The Halifax Chronicle Herald
February 16, 2012 – 3:03pm UPDATED 8:52 p.m.
Father Paul Abbass is on leave from his duties with the Diocese of Antigonish after a complaint was filed against him. (LAURA FRASER / Staff / File)
A high-ranking member of the Roman Catholic Church who is the head of an addictions centre in rural Cape Breton has been relieved of his duties pending the outcome of an inquiry into allegations of sexual abuse and access to medication.
Rev. Paul Abbass, the executive director of Talbot House in Frenchvale for 17 years, is the subject of a review after a complaint was made to the provincial Community Services Department, which oversees the addiction-treatment facility.
No one from Community Services, Talbot House or the Diocese of Antigonish would reveal the reason for the review.
But Dave Mantin of the Survivors Network of those Abused by Priests said he has received two separate complaints about Abbass’s behaviour from former residents of Talbot House in the past year.
One man made an allegation of a sexual nature while a second man complained about access to medication as well as Abbass’s behaviour.
Mantin said the second man began keeping a diary documenting late-night visits by at least one Talbot House resident to the nearby rectory where Abbass lived.
The centre treats men in their 20s and 30s who have a history of multiple addictions.
Mantin said Community Services and the RCMP are aware of the complaints and are taking action.
An RCMP spokesperson could not be reached Thursday evening, but Kristen Tynes of Community Services confirmed that her department is doing an organizational review of Talbot House.
“Because it’s an ongoing review, we cannot discuss the content,” she said.
Talbot House, a non-profit centre run by a board of directors, received about $420,000 in provincial government funding in the 2010-11 fiscal year.
Board chairman John Gainer said Thursday he would not reveal the allegations made against Abbass until the review is finished.
“You can well imagine how difficult this is for staff and the 14 residents at Talbot House, who have a lot of questions but no answers at this point,” Gainer said in a telephone interview.
He said the board first received information from Community Services on Feb. 2 and met with Abbass that evening.
“And on Feb. 3, he left the property,” Gainer said.
Gainer said Abbass oversaw day-to-day operations at Talbot House, including finances, and was responsible for some counselling.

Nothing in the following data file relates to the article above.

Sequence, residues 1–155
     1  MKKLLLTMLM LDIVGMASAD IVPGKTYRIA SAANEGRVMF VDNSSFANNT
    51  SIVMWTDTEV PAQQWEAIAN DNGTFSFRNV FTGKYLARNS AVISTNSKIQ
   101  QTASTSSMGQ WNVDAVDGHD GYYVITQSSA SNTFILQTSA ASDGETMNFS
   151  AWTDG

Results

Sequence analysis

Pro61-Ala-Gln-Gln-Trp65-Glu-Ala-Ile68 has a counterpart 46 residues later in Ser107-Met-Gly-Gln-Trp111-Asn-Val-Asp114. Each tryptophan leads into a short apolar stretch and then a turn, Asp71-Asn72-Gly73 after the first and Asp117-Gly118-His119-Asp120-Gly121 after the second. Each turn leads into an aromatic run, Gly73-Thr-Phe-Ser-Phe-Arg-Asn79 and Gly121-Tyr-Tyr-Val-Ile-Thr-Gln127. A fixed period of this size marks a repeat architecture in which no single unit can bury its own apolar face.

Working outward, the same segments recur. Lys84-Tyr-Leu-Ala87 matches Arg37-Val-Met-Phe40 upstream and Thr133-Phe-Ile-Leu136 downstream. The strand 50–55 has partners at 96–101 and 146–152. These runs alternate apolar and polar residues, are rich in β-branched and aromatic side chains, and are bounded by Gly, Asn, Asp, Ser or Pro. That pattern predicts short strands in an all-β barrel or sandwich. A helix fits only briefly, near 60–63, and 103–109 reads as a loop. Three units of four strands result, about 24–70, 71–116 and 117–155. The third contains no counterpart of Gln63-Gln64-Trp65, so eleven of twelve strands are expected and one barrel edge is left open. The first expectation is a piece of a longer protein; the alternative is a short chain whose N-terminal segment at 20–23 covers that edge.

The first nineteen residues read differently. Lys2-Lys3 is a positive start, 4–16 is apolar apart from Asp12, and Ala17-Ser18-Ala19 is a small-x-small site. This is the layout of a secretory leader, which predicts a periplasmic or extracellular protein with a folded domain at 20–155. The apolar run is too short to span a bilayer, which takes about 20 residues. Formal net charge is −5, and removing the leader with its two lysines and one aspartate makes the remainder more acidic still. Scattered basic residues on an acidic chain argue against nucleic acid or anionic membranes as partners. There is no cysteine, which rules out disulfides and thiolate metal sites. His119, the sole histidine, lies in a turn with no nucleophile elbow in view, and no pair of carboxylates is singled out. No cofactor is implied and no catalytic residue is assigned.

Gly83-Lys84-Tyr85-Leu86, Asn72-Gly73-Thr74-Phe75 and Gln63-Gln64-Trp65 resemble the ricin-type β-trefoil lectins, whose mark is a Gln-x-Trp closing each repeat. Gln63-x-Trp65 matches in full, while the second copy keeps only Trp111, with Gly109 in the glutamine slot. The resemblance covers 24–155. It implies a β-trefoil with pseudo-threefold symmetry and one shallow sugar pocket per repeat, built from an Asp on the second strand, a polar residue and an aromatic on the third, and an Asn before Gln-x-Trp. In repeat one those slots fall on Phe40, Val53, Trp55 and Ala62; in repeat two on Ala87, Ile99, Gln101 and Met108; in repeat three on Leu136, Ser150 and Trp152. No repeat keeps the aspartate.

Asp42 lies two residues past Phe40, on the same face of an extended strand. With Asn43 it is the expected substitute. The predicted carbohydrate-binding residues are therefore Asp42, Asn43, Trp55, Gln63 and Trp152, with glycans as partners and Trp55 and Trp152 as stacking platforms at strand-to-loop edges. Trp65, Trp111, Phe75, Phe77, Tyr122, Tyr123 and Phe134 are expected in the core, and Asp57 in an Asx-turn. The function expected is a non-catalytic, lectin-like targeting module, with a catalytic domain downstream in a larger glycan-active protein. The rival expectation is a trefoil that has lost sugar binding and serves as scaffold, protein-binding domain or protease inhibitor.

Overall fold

Abbass has also stepped down as parish priest of St. Mary’s Catholic Church on the Talbot House grounds and has been relieved of his duties as episcopal vicar and director of pastoral services for the Diocese of Antigonish.
Archbishop Anthony Mancini appointed Abbass in 2009 to serve as spokesman for the diocese after police charged former bishop Raymond Lahey with importing child pornography. Earlier that year, Lahey had helped to negotiate a $15-million class action settlement with an estimated 80 victims who said priests had sexually abused them in parishes throughout Nova Scotia between 1950 and 2009.
The number of alleged victims has since risen to 140.
As spokesman, Abbass has been front and centre in addressing church issues, including the sale of church-owned property to help pay off the $15-million lawsuit settlement.
Just last month, Abbass told The Chronicle Herald that the church was trying to resurrect a feeling of hope in the diocese.
“We’re in the early stages of rebuilding,” he said. “We’re trying to rebuild a sense of hope within our people, a sense that things can be different and that we will do things different.”
Rev. Don MacGillivray spoke on behalf of the diocese during a telephone interview Thursday.
“This is a workplace complaint, the nature of which we do not know,” he said.
“Everyone needs to be treated fairly, the complainant needs to be treated fairly and so does Father Abbass.”
MacGillivray said church officials are conscious of the “tenor of the times.”
“We want the truth, and we don’t know what the truth is right now,” he said.
Abbass, who is now living outside the parish, declined comment in an email Thursday.
Mantin, the Atlantic Canada group leader of the survivors group, is encouraging anyone else with concerns about behaviour at Talbot House to contact him.
“People with addictions are already in a weakened state and need to be treated with care and respect and not taken advantage of,” he said.